Carbon relative and radioactive dating
Because the cosmic ray bombardment is fairly constant, there’s a near-constant level of carbon-14 to carbon-12 ratio in Earth’s atmosphere.
Organisms at the base of the food chain that photosynthesize – for example, plants and algae – use the carbon in Earth’s atmosphere.
Here’s an example using the simplest atom, hydrogen. Carbon-14 is an unstable isotope of carbon that will eventually decay at a known rate to become carbon-12.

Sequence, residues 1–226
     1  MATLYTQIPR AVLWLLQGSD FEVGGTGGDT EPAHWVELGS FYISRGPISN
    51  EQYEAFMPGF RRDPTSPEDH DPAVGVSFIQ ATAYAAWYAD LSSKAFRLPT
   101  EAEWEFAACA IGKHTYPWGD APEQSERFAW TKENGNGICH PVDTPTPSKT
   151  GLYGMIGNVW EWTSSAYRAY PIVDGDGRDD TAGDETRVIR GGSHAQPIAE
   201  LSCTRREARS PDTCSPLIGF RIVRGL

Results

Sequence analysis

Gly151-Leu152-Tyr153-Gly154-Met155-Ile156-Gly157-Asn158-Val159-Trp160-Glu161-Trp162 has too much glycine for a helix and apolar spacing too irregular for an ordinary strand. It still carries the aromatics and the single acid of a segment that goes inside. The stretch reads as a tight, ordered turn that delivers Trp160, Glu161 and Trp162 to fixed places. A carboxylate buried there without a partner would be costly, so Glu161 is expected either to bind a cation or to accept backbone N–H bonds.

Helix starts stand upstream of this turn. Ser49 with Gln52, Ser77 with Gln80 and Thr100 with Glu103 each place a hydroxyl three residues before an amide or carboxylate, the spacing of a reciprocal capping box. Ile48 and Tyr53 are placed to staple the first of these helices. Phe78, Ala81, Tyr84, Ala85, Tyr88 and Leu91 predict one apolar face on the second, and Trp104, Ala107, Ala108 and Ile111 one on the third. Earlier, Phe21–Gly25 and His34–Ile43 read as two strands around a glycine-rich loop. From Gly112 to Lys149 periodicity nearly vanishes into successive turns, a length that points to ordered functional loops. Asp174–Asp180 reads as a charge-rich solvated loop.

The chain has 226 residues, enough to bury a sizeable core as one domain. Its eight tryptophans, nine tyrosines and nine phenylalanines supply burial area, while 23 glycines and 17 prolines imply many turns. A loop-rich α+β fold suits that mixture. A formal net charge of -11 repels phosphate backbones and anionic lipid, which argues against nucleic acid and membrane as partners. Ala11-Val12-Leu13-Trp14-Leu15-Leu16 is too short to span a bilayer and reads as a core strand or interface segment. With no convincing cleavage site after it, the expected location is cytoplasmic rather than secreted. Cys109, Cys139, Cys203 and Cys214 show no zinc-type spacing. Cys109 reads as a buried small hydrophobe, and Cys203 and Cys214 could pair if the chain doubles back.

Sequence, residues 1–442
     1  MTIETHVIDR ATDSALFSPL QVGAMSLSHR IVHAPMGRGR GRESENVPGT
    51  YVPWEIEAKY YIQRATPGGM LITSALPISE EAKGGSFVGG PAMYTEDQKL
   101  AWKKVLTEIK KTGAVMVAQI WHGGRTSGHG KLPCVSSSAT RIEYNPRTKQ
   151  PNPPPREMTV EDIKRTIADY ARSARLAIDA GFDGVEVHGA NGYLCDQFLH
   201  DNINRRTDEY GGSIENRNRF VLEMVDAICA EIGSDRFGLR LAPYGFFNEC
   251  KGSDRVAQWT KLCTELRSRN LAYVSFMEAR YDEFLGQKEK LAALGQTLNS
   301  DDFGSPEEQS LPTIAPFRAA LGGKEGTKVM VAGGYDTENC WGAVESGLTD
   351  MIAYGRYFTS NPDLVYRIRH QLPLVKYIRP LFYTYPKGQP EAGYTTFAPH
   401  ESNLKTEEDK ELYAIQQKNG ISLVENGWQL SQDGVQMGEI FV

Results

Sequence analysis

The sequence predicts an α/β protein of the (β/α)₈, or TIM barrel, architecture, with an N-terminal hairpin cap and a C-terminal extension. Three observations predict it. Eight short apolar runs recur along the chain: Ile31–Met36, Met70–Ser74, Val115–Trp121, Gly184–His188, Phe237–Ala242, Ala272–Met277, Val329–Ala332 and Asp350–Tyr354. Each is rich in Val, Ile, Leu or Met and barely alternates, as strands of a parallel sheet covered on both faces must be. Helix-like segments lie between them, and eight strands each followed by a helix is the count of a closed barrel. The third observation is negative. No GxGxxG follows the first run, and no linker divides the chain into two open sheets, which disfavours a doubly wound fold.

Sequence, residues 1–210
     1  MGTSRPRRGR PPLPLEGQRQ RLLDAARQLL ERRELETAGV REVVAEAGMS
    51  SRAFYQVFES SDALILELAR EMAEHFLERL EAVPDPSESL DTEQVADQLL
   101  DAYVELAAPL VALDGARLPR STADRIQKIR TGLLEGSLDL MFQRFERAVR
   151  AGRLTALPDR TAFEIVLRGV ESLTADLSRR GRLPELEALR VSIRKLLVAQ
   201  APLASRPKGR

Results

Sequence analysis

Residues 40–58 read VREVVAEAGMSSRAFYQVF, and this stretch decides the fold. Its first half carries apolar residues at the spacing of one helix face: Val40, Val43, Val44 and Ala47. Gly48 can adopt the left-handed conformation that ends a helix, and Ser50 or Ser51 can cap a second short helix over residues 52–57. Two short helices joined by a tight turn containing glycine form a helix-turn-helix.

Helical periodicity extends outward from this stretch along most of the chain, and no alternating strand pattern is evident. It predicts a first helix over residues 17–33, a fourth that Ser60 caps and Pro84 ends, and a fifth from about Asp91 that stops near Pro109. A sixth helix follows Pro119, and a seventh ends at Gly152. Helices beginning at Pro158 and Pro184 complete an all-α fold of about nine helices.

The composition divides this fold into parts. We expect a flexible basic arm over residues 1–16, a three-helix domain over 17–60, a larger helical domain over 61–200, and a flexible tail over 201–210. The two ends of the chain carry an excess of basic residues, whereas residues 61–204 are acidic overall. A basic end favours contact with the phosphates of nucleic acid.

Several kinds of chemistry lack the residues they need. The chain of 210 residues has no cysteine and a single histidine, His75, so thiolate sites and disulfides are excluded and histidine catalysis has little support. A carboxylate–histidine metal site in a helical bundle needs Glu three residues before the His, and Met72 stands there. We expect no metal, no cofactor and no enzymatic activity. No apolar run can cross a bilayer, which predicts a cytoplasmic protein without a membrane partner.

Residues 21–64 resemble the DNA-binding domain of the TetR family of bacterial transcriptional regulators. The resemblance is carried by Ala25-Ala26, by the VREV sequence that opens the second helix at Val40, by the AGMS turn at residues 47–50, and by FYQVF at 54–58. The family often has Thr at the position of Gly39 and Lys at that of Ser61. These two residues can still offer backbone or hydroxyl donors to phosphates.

Radiocarbon dating uses isotopes of the element carbon. Cosmic rays – high-energy particles from beyond the solar system – bombard Earth’s upper atmosphere continually, in the process creating the unstable carbon-14. Because it’s unstable, carbon-14 will eventually decay back to carbon-12 isotopes.
In The Cosmic Story of Carbon-14 Ethan Siegel writes: The only major fluctuation [in carbon-14] we know of occurred when we began detonating nuclear weapons in the open air, back in the mid-20th century.
Radioactive carbon (Carbon 14) is formed in the upper atmosphere as a byproduct of cosmic radiation.